In the rarest complication, a flash fire broke out inside the exposed chest cavity of a 60-year-old man who was undergoing emergency heart surgery in Australia.
The incident, which happened in August 2018, was presented over the weekend at the Euroanaesthesia Congress in Vienna, reported the EurekAlert.
Dr. Ruth Shaylor and his colleagues from Austin Hospital in Melbourne, where the fire incident happened, warned that dry surgical packs in the oxygen-rich environment of operating theatres where electrosurgical devices are being used present a fire risk.
The man in which the fire broke out had a history of chronic obstructive pulmonary disease (COPD) and had already undergone surgery just a year earlier. He had arrived at the hospital needing emergency surgery for a rupture in the inner wall of his aorta.
But during the surgery, a large blister in one of the man’s lung, related to the COPD, got punctured, releasing fluid into his chest cavity.
Patient catches fire during emergency cardiac surgery! This is why all perioperative staff need to be aware of fire prevention and management in the operating theatre: https://t.co/Xhkmk459Ju #surgicalfires #patientsafety @SaferSurgeryUK
— Daniel Rodger (@philosowhal) June 3, 2019
Fearing that the patient would suffer respiratory distress, doctors decided to give him more anesthesia and 100 percent oxygen.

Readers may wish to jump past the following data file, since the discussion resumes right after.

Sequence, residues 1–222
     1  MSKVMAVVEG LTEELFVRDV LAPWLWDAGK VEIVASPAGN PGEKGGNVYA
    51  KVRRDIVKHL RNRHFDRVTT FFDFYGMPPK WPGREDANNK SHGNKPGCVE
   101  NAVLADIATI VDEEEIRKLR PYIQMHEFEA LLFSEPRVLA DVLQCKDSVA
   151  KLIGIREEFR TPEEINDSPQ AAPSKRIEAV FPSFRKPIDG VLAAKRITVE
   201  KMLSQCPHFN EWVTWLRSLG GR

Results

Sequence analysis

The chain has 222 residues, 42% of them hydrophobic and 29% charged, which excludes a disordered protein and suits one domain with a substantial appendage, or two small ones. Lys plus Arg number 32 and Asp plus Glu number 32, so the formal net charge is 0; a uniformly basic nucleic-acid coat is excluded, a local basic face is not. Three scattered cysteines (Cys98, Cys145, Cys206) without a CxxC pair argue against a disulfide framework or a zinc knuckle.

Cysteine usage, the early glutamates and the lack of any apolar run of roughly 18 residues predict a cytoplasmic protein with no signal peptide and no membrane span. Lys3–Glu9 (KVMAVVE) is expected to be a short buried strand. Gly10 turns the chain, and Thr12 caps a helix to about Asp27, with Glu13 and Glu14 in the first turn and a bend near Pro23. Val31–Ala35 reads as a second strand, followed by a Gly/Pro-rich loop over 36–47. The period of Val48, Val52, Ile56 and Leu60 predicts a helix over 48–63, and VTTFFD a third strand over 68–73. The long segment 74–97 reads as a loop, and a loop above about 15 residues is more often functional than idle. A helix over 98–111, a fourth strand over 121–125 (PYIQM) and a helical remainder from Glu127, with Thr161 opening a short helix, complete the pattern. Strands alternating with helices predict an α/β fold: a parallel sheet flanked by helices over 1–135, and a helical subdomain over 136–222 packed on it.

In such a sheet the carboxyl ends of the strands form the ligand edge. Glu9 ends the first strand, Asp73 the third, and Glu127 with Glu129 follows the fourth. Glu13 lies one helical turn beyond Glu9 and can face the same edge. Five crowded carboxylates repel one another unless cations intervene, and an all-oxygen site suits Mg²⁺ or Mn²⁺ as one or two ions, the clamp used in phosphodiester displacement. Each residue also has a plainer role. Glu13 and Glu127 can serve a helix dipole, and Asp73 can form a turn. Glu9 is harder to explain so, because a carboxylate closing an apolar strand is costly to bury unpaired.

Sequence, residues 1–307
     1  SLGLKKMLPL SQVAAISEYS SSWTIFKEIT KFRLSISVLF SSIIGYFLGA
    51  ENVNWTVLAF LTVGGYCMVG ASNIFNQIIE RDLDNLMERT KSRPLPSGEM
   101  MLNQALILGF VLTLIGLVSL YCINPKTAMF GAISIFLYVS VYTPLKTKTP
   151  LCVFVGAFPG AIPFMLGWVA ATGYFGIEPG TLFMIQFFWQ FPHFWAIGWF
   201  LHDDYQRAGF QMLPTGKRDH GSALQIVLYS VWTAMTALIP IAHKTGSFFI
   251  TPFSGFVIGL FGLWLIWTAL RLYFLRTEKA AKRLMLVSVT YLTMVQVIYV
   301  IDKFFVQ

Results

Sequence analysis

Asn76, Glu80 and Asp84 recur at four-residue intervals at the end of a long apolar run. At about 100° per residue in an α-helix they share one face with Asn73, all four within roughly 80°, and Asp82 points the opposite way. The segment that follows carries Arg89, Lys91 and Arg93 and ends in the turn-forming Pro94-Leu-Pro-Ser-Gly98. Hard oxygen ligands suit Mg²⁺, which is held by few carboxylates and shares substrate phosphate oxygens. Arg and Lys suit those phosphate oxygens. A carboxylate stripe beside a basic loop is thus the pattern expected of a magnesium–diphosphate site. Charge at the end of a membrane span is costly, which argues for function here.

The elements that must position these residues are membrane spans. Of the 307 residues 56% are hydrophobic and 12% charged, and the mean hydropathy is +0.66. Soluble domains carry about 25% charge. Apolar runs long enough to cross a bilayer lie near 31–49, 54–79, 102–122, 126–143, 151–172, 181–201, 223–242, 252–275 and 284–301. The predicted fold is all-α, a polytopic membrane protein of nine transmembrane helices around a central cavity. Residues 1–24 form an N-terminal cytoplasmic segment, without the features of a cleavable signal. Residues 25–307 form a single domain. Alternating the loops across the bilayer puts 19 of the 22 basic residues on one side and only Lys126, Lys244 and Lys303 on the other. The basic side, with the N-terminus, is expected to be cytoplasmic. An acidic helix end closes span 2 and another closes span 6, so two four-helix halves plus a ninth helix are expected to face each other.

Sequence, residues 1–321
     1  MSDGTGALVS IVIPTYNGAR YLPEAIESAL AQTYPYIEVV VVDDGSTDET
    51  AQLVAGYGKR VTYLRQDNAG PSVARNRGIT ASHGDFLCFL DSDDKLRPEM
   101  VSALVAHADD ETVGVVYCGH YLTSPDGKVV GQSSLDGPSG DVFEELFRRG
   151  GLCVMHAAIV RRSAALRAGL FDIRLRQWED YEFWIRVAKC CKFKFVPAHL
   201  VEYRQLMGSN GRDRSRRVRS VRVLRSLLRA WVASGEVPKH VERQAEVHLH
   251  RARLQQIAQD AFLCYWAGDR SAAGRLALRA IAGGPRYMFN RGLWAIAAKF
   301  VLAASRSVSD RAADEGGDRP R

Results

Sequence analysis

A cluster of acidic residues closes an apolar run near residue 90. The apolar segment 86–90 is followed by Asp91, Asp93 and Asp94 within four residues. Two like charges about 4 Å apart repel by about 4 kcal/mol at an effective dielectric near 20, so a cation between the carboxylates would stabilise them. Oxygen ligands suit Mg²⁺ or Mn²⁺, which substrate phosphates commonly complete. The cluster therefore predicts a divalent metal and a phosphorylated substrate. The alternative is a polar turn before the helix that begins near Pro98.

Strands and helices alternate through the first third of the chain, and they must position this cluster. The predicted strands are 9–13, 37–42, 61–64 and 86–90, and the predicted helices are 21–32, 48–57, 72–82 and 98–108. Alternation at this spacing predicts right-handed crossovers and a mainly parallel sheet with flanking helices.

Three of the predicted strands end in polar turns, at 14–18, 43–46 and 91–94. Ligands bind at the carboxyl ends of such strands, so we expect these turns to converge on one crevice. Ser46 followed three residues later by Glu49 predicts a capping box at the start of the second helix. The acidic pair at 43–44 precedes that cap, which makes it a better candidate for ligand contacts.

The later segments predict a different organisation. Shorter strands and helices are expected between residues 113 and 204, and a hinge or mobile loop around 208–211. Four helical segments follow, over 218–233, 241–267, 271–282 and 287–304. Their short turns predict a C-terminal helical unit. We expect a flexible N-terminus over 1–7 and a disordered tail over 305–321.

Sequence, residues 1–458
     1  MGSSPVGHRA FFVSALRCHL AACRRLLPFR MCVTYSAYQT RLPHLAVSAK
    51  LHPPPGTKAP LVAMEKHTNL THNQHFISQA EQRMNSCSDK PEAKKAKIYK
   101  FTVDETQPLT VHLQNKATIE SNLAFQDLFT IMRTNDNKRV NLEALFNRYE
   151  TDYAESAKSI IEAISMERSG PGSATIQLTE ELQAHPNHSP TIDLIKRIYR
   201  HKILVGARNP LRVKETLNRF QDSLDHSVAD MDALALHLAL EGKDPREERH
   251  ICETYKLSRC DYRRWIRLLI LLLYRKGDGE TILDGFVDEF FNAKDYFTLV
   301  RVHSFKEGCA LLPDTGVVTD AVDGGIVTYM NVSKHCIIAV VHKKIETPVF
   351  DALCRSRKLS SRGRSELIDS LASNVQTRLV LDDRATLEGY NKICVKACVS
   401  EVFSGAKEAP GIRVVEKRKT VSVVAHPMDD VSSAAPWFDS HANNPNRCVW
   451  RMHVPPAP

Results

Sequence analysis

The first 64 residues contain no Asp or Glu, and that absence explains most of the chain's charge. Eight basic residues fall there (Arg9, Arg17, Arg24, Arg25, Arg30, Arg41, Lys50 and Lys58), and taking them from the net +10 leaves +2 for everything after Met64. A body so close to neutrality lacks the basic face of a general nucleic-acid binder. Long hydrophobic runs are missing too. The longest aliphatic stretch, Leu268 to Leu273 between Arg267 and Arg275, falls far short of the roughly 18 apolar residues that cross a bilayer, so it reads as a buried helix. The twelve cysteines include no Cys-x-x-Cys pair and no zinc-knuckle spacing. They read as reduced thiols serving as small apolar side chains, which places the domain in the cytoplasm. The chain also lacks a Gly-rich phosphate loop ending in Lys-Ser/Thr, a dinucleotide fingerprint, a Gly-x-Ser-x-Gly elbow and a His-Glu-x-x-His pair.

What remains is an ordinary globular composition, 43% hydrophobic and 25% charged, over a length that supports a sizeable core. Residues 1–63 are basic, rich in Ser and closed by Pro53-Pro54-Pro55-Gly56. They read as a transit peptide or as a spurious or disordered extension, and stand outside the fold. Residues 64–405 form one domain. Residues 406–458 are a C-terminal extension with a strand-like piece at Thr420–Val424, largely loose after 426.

They then used an electric cauterization tool to seal off bleeding tissue. That’s when a spark from the electrocautery device ignited the dry surgical pack that was placed near the man’s exposed chest cavity.
Doctors immediately took control of the situation and put out the fire with no injury to the patient, and the rest of the surgery was completed without a hassle.
“While there are only a few documented cases of chest cavity fires—three involving thoracic surgery and three involving coronary bypass grafting—all have involved the presence of dry surgical packs, electrocautery, increased inspired oxygen concentrations, and patients with COPD or pre-existing lung disease,” Dr. Shaylor said at the meeting.
— Brian Longo (@atomic811) June 3, 2019
Dr. Shalor said the case highlights the need for training in intervention procedures for such cases.
“This case highlights the continued need for fire training and prevention strategies and quick intervention to prevent injury whenever electrocautery is used in oxygen-enriched environments.
“In particular, surgeons and anaesthetists need to be aware that fires can occur in the chest cavity if a lung is damaged or there is an air leak for any reason, and that patients with COPD are at increased risk,” he said.
— Live Science (@LiveScience) June 3, 2019
Deaths from medical errors do occur quite commonly. According to a report on Van Wey, Presby and Williams, 98,000 people die every year in the United States due to preventable medical errors.
That makes them the third leading cause of death in the country.
New from @maggiemahar Taking Note: When a Fire Breaks Out In the Operating Room http://bit.ly/cTKNwz
— The Century Foundation (@TCFdotorg) June 1, 2010
According to report, between 550-650 surgical fires, where a patient catches fire on the operating table, happen in the country every year.
“Surgical fires can occur any time all three elements of the “Fire Triangle” (ignition source, fuel source, and oxygen) are present. Most people are aware of how dangerous these three elements combined can be,” said the report.
An oxygen-rich environment is the leading cause of these fires in 74 percent of the cases.